We had a brilliant response to our afternoon tea competition, with over 1,500 people liking and sharing our Facebook post. One of these was to be randomly selected as winner of a free afternoon tea for two, and although we have a handy app. that would have done this automatically, we felt that this would be far too easy. Wouldn’t it be more fun to ask an appropriate animal to make an impartial selection?
Our initial thought was to write the name of each entrant on a label, tie each label to a carrot, and observe which carrot was eaten first by a hungry goat. After a little reflection, it occurred to us that it might be a little difficult to properly shuffle a half-ton pile of carrots.
It was then that someone suggested Guinea Pig Ouija. The idea was simple; just place twenty-six tempting nibbles against the letters of the alphabet, let an obliging small animal wander across to select his lunch and in doing so, select a letter. By repeating this several times we might spell out a word, or better still select the initial letter of a first name, and then the initial of a surname. We’d then check this against a list of those who had entered the competition. It occurred to us that problems might arise if the more unusual letters of the alphabet were selected, (we noted that our list didn’t contain anyone called Quentin Xylophone), but we’d cross that bridge when we came to it.
We therefore set about printing, folding, and sticking pieces of cardboard together to form a circular structure resembling a wall-of-death, and placed twenty-six neat and evenly sized slices of carrots around the perimeter. We would introduce our obliging animal in the exact centre, who would immediately set off in a random direction to select his breakfast.
The obvious star of the show would be Basil, a gentle and handsome agouti guinea pig who is a favourite of many small animal encounters. A true professional, Basil has a special talent for sitting still and remaining totally unphased as countless small hands stroke, poke, and tickle him. With cameras rolling, Basil was placed in the centre of the board, surrounded by tempting slices of carrot. However despite having missed his breakfast, Basil remained solid and unmoving in the middle of the circle; the true professional. After two minutes of total inaction, the cameras were cut. For take two, fresh strips of cabbage enhanced the appeal of the carrot slices, but again Basil remained resolute and fixed to the spot.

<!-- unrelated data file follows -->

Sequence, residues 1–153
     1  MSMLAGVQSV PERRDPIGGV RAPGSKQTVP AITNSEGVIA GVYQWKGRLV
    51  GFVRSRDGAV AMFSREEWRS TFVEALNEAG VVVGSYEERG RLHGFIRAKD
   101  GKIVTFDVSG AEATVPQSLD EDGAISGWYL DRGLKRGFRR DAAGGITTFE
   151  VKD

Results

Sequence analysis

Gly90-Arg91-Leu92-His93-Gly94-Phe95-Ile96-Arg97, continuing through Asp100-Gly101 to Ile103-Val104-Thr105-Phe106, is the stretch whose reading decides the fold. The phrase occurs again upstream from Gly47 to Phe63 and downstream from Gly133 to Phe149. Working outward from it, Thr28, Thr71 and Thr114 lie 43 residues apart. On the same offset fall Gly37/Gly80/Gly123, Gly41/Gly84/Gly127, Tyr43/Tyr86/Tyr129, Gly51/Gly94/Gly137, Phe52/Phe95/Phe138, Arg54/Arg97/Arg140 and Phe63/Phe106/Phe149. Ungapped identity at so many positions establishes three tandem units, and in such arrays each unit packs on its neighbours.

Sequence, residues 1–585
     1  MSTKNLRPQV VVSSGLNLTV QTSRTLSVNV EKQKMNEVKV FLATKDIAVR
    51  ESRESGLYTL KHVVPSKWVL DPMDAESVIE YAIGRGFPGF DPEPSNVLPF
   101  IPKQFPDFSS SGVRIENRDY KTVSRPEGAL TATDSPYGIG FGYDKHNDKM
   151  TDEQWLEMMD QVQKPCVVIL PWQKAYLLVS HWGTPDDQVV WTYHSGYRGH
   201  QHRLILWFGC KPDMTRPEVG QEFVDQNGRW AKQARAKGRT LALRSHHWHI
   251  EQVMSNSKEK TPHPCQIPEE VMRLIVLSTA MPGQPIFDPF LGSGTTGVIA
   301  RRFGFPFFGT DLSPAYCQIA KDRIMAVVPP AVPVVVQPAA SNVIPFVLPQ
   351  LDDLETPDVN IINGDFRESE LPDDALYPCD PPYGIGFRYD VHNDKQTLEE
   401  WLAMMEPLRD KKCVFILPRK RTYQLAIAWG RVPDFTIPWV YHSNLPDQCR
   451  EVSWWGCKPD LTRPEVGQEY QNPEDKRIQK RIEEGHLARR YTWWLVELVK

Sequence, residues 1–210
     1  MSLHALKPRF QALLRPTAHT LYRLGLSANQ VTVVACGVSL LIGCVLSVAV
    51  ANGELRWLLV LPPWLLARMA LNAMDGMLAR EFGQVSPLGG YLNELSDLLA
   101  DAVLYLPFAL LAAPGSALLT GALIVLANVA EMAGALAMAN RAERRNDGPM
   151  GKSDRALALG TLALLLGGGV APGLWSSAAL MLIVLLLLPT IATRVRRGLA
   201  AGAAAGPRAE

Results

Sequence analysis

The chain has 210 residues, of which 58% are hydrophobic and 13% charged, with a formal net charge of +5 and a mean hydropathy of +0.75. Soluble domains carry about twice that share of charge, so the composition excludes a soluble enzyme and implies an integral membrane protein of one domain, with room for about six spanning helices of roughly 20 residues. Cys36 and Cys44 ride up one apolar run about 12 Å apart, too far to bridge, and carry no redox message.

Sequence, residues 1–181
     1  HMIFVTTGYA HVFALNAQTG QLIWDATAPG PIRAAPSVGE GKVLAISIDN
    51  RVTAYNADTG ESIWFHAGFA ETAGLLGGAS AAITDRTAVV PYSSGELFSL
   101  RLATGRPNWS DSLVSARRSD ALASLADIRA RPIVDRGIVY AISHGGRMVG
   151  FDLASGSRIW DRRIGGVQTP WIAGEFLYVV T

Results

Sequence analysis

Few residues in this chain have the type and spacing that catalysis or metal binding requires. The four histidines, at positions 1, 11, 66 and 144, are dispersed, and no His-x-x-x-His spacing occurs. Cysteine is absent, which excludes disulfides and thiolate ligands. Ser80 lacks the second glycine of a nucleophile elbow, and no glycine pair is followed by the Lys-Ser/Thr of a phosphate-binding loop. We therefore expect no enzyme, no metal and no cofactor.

At this stage Basil’s understudy and fellow agouti Bunty was called to appear. Although she has a reputation for being a little more timid, she followed the master’s example and sat unmoving in the centre of the ring for minutes and minutes on end.
It was then that the rabbits were called up for action. The first session with Betty was a total disaster. A little unsettled by the shiny surface of the board, big Betty paddled clumsily sideways and collided side-on with the perimeter wall, knocking the piles of food in all directions. The slightly more nimble Dandelion then took the stage, and after half a dozen inconclusive trials, finally succeeded in moving decisively to one edge of the board and nudging the letter “N”.
A tired Dandelion was then returned to her run and Splinter the rat was summoned. The little piles of vegetables were supplemented by some broken cream crackers to enhance their rat appeal, and Splinter was placed in the centre. The rat proved a true showman; taking a few steps in one direction, sniffing the air, moving back, glancing around, moving to one side but stopping short of the edge, standing on hind legs, then moving back across the board. Splinter played his audience in this way for almost two minutes before finally nudging the wall close to the letter “O”.
Consulting the list of those who had liked and shared our post, there was huge relief to discover that one entrant had the initials “NO”, and that we had finally selected our winner.
The Ouija board was hastily dismantled, with universal agreement that if we ever have a difficult question to answer in the future, we’ll by-pass chilled-out guinea pigs and pontificating rabbits, and go directly to a perceptive rat.